Today we hear from Brenda Cooper, author of ‘Mayan December’ and many other tales. Oh, and she’s a futurist! She actually predicts how the world will develop in years to come, and what technologies and ideas will drive that development, hopefully for the better. I find that unutterably cool.
Without further ado, here’s Brenda.
Thanks for asking about place. I’m one of the authors in the ‘River’ anthology, which is one of the best recent explorations about place I’ve read. I love being part of this powerful work, and I’m grateful to Alma for editing it and for asking me to have a story in it.
Rivers are often archetypical (the river Styx), and thus play a major role in the creation and destruction myths of whole societies. Physical rivers are often critical to entire civilizations (the Nile, the Yangtze, the Amazon, or the river I used to race J-boats in, the Columbia). In the case of my story in the anthology, the river serves as a symbol for the beautiful, wild ecosystems we are demolishing so quickly that they fade in the time of a single, short human life. The story is also meant as a tribute to conservationist Michael Fay.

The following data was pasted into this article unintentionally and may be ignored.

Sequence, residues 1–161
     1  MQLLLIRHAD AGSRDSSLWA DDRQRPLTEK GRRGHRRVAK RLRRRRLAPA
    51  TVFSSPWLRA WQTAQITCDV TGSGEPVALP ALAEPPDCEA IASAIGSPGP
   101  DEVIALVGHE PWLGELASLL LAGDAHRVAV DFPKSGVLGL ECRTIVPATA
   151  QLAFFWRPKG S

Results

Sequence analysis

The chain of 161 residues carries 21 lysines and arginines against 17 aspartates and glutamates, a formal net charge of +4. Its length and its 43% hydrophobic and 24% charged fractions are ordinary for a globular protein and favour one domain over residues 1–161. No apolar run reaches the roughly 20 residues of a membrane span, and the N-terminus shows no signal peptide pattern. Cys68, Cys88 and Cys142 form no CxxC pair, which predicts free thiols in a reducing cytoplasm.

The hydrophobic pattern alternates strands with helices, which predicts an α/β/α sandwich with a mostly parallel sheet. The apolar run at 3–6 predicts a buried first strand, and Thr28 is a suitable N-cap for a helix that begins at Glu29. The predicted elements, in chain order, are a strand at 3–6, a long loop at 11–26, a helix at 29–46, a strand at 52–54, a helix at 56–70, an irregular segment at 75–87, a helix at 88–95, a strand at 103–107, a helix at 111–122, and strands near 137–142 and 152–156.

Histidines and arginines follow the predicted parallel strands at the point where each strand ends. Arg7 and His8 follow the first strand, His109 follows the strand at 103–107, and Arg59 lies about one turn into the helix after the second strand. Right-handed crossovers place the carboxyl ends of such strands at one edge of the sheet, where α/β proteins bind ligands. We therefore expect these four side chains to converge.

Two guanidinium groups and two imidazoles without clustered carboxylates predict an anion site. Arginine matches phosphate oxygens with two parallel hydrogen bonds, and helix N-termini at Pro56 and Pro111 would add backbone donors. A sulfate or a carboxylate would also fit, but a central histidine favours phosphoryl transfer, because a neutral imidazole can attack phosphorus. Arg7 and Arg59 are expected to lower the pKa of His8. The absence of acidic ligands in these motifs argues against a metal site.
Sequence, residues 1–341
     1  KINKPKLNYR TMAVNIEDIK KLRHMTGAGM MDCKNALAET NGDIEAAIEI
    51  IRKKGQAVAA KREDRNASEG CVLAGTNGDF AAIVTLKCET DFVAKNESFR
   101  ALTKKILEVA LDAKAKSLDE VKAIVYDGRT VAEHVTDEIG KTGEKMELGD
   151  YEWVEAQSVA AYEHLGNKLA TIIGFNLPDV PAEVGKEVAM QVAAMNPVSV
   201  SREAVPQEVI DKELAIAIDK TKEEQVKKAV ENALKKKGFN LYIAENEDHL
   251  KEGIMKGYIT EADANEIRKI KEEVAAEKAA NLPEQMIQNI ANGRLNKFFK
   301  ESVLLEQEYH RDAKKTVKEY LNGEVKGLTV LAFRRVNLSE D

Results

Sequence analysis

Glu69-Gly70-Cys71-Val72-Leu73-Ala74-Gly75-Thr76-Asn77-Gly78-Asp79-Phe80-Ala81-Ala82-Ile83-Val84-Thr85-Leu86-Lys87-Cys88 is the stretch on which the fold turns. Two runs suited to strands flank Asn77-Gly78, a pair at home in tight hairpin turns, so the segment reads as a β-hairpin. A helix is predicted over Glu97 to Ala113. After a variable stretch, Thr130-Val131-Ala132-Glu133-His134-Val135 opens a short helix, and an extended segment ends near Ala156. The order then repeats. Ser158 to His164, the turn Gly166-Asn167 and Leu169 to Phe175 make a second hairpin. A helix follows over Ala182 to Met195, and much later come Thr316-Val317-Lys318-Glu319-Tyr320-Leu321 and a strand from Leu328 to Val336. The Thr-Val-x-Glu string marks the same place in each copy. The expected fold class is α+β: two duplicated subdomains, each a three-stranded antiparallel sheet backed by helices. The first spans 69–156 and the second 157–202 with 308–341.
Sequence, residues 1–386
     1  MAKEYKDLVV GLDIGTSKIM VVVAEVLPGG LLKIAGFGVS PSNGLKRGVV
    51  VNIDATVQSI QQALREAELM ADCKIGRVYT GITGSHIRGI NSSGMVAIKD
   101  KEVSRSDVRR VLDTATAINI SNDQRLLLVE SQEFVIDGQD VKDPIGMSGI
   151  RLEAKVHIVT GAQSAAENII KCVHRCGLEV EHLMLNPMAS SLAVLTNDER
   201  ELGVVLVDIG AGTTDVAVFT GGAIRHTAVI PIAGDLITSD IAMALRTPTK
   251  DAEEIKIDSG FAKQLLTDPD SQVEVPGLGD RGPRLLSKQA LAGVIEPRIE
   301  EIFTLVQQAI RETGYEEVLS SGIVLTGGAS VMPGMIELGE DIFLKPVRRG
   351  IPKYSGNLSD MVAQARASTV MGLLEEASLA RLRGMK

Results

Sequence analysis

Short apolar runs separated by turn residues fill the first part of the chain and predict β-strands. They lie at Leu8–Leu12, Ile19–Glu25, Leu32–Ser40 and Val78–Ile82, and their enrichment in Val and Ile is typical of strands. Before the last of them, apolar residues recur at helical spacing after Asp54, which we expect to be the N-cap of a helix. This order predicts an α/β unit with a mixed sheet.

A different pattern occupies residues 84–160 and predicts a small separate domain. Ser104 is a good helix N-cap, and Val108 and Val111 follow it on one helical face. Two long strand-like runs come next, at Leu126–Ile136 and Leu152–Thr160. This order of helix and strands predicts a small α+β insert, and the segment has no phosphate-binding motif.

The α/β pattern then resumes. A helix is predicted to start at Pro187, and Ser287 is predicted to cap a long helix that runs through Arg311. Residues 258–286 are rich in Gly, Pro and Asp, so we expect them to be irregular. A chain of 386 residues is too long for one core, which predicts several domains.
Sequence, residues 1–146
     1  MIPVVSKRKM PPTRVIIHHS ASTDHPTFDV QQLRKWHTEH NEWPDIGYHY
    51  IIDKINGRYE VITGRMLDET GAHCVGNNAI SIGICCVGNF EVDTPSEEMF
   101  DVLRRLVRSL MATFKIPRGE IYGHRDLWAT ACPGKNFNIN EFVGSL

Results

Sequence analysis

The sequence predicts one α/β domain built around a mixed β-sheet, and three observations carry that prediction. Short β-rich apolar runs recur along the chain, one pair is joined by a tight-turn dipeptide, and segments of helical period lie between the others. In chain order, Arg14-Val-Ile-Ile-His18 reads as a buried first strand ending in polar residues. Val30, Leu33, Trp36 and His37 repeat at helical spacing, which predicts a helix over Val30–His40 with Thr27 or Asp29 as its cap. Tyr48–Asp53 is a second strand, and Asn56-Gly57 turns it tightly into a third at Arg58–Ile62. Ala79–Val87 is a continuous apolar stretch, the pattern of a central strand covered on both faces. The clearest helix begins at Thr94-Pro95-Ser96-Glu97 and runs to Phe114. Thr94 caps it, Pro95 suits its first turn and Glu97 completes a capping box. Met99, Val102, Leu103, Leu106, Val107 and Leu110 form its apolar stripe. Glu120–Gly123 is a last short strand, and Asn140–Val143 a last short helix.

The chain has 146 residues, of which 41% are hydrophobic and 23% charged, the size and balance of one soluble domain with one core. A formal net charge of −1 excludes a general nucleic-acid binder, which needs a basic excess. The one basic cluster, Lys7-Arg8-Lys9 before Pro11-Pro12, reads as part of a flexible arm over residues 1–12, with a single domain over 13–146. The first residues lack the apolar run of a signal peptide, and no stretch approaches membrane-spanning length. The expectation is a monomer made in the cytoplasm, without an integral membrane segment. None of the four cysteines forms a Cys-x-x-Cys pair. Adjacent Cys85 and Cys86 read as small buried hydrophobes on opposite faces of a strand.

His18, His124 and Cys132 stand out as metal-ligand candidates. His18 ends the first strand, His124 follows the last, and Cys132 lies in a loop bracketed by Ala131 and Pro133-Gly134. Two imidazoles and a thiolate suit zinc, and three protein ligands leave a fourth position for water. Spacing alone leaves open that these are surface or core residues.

I’ve also been fascinated by a place where the rivers rununderground. My first trip to the Yucatan Peninsula was in the 1980’s, and I’ve been back twice. I want to go again. There is something about that place – the low and fascinating jungle, the Mayan ruins, the stunning beaches, the way it feels (damp and warm and mysterious) and smells (fecund and wild and a bit sweet)that draws me. It’s a place I feel at home. My most recent book, ‘Mayan December‘, is set there. I used both the current time and the powerful history of the peninsula to craft the core story in ‘Mayan December’, which is about a young girl who can see two timelines, and what that means for her world and the larger world around her.
For me, it was interesting to write a book set in a real place. I usually write science fiction and fantasy, and my stories are set either in the future here, or in places that only live in my imagination. It made me more careful, and also more tuned to the real and specific details of place. If I have any regret about ‘Mayan December’ it’s that I didn’t get to go back to the Yucatan after I wrote the book and be right there for an editing pass.
Brenda Cooper lives in Washington State with her partner Toni and three dogs, all of whom are periodically subjected to listening to Brenda wander about the house reading stories out loud to look for awkward sentences. They are usually patient with the process, for which Brenda is grateful. Brenda’s has five novels out, and a multitude of short stories, including ‘Phoenix Dogs’ in Tales for Canterbury, a benefit anthology for the Christchurch quake victims, and ‘Cracking the Sky,’ in the anthology ‘No Man’s Land’ from Dark Quest Books.
Find out more about Brenda on www.brenda-cooper.com